When real property is sold by a foreign person in the United States, buyers, attorneys, real estate agents, and title companies need to be aware of a potential trap contained in the Foreign Investment in Real Property Tax Act of 1980 (FIRPTA). Under FIRPTA, the buyer is required to withhold 15% of the gross sales price, or the “amount realized,” to ensure any taxable gain realized by the seller is actually paid to the IRS. This additional withholding tax is due by the buyer from the sale to the IRS.
The “amount realized” is the sum of the cash paid or to be paid (principal only), the fair market value of other property transferred or to be transferred, and the amount of any liability assumed by the buyer immediately before and after the sale. The buyer must send the 15% withholding amount to the IRS within 20 days of closing.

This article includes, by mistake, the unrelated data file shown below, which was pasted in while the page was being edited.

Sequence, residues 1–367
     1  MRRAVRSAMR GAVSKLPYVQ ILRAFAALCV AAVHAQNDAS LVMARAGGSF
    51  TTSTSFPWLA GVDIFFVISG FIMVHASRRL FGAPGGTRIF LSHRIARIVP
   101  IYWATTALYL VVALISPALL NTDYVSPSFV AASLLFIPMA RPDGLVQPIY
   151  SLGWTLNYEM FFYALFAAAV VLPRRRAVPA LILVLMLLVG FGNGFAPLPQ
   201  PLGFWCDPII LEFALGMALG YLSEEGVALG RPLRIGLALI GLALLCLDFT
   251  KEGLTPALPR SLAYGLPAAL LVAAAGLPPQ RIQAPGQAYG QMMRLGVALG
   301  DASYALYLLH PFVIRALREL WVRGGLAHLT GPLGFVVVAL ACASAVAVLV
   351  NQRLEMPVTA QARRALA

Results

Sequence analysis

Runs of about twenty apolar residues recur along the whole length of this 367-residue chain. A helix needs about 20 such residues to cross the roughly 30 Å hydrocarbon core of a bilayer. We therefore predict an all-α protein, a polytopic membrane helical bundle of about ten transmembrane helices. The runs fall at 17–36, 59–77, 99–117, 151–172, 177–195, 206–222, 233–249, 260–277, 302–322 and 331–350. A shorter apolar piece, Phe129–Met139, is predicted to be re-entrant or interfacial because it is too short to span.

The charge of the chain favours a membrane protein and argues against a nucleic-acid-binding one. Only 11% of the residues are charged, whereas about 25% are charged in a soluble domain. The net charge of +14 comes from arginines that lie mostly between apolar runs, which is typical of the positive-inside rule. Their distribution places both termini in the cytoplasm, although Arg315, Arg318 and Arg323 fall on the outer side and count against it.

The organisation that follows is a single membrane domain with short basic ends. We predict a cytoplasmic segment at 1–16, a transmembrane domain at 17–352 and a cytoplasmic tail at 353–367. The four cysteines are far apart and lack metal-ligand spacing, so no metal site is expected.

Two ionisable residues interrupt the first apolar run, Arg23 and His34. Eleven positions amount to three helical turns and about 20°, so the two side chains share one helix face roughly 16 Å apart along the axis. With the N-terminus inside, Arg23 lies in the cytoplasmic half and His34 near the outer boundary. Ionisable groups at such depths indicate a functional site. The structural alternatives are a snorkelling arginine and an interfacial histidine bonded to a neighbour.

There are three possible exemptions from the FIRPTA requirement:
(1) Seller Declaration of Non-Recognition of Gain or Loss. If the 15% withholding amount is more than the tax liability, the buyer can be exempt or pay a reduced amount. In this case the foreign person selling the real estate can apply for a withholding certificate to reduce the amount withheld. If the amount realized is zero, the buyer may be completely exempt from FIRPTA. While this certificate is pending with the IRS, the buyer may wait to send any amounts ultimately deemed to be owed by the buyer.
(2) Property to Become Buyer’s Personal Residence. If the sales price is $300,000 or less, and the buyer or family member intends to use the real property as a personal residence, then no amount needs to be withheld.
(3) Transaction in which IRS Issues a Withholding Certificate to Foreign Seller. The IRS may grant a certificate whereby the amount a buyer must withhold can be reduced or eliminated pursuant to a Withholding Certificate.
For more information about FIRPTA and its implications for you and your business, contact Rosenblatt Law Firm.